BY LAURA-LEE CASCAGNETTE
To some people, our identity is made up of many different things that help create who we are as an individual. We tie ourselves to our identity and wave it proudly, declaring to the world that this is who we are. But what happens when our identity changes and we no longer recognize who we are? Tara Joy Knibbe, 27, knows this feeling well.
“In the last year of my life my identity has undergone an overhaul of epic proportions- physically, mentally, spiritually. I became pregnant and my husband and I had a baby girl on none other than Women’s Day.”
This journey inspired her solo painting exhibit, Good, at Hamilton’s Flagship Gallery. “I have often explored topics related to womanhood, but suddenly I plunged myself in much deeper than before. I became continually confronted with a highly visibly physical change in my body (carrying another human being),” she says.
Knibbe’s exhibit showcases her journey through this transformation, finding peace through the colours and shapes she thoughtfully puts onto the canvas. The art is moving, each one speaking in its own language and emotion, bringing us on her journey through this time.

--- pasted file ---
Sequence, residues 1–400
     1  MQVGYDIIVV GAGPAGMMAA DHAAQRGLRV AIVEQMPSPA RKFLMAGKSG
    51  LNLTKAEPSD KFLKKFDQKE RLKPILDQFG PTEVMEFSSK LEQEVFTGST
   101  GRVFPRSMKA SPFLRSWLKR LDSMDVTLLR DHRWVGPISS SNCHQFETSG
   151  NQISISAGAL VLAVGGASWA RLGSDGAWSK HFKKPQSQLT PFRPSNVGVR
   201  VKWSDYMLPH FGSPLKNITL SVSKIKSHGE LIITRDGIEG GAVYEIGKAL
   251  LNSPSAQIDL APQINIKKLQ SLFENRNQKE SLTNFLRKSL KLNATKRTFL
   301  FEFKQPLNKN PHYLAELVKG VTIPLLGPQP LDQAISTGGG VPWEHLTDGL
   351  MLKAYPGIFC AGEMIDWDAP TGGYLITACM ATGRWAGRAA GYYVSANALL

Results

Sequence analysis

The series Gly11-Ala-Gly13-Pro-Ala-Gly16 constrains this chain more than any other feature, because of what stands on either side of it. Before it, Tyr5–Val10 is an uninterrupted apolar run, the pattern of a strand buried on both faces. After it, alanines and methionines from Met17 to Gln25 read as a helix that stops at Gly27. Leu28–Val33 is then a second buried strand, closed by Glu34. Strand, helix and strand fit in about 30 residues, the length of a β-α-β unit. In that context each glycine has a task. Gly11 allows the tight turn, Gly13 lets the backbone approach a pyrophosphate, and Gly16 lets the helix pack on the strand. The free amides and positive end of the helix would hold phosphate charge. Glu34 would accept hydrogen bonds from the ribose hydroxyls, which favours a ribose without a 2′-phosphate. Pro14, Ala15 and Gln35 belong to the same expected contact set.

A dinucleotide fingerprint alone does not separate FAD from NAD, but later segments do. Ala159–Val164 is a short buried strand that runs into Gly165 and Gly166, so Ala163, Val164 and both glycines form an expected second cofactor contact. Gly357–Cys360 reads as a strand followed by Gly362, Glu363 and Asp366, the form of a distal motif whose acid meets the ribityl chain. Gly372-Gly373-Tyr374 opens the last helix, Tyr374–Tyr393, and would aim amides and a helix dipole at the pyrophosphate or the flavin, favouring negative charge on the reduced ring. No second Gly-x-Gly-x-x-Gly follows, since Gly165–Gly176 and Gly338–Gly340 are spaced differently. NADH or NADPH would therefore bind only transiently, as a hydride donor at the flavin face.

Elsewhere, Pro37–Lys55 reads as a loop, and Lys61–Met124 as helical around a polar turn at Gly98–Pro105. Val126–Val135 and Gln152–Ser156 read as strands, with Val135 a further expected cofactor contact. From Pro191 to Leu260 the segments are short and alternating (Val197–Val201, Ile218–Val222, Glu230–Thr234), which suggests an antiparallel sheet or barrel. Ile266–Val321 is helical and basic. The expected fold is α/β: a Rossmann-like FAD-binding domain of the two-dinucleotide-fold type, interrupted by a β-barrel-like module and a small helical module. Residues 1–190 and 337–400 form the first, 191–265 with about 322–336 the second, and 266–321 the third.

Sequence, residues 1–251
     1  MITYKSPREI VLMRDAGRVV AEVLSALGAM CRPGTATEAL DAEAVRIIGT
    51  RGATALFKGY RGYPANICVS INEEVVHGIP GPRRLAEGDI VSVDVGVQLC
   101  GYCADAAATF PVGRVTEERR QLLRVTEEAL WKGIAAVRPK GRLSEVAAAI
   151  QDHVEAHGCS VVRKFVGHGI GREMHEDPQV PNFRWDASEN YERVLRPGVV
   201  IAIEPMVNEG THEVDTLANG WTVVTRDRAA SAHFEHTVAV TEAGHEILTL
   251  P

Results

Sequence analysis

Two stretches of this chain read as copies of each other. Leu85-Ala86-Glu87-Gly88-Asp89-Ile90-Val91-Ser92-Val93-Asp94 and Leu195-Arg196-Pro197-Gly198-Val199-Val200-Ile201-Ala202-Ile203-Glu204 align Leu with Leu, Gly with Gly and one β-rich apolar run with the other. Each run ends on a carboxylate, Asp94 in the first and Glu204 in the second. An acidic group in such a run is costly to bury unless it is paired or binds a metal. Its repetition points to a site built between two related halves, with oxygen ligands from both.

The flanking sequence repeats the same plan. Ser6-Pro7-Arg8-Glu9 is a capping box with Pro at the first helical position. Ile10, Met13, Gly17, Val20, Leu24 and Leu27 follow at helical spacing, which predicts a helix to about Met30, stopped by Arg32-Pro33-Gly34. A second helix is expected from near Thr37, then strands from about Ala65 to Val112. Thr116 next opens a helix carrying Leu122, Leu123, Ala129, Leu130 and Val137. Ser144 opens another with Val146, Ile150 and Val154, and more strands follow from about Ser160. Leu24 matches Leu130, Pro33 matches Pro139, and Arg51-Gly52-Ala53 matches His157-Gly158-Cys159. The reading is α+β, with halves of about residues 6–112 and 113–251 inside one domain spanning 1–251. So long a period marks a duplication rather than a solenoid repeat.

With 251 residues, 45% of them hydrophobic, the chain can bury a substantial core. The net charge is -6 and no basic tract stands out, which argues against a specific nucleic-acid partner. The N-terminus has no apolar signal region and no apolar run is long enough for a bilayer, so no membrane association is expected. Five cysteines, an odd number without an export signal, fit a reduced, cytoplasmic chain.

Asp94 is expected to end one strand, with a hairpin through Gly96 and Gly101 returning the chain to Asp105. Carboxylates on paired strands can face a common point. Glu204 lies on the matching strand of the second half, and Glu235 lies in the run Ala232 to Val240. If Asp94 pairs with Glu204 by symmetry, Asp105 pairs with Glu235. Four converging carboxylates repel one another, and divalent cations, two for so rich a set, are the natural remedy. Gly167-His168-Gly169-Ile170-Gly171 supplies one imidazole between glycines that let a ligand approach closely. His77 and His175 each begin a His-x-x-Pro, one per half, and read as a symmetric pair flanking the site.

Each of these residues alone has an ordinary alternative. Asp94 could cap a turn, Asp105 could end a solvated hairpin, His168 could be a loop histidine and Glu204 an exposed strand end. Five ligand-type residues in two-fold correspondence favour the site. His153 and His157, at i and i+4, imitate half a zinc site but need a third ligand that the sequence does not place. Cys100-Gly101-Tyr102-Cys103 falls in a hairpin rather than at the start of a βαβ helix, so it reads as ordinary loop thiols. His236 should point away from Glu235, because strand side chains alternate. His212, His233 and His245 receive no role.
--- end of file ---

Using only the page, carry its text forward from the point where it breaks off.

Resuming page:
Knibbe says that through her journey, the art is meant to challenge how people think of woman and the subtleties we still have in our culture about the value of women in the role of motherhood and careers.
“Some of the pieces, like Femininity, I painted because at work I realized I was being apologetic about the fact that I was having a baby. Why was having a baby any less important than my job? Or, my job less important? Why does the culture have to determine that for me,” Knibbe says.
“It was largely towards men. I wondered if that was them or was that me? I decided I was not going to be apologetic about being a full-figured pregnant body that is here and present. I can still stand up and give an amazing presentation.”
The storyline woven throughout Good is relatable to many women on their own identity journeys and their quest for femininity. Elena Olthof, carrying around her newborn daughter and going through the exhibit says she identifies with many of the pieces as she is in a similar place in her life.
“I see so much in the art because we are going through many of the same experiences with our daughter. I feel like for me, I am seeing myself in a new light. Not just a wife but now as a mother too and trying to balance those things. I see a lot of motion and activity and making sense of everything together. It’s relevant.”
Knibbe is a manager of research and program evaluation at Abilities Centre, a non-profit organization that promotes participation and inclusion for people. She explains that there has been no other event that has had this effect on not only her identity and relationships, but her career. It has inspired her to think more intentionally about what it means to be a woman in modern culture, “freed from oppressive schools of thought, and yet still afraid of…what is it? Is it fear of being feminine? Carrying around a pregnant belly or a beautiful baby makes you undeniably feminine.”
For more information on Tara Joy Knibbe and her art, go to www.tarajoystudio.com